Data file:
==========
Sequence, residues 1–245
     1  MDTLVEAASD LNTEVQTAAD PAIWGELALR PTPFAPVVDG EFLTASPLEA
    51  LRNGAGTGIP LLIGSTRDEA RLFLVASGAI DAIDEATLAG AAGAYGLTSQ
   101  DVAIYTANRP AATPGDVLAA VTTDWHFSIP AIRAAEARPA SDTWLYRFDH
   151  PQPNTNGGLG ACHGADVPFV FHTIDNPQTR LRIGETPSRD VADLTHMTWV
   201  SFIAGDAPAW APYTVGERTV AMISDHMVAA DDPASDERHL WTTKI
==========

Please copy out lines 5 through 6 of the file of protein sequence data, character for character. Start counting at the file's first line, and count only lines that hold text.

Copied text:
   151  PQPNTNGGLG ACHGADVPFV FHTIDNPQTR LRIGETPSRD VADLTHMTWV
   201  SFIAGDAPAW APYTVGERTV AMISDHMVAA DDPASDERHL WTTKI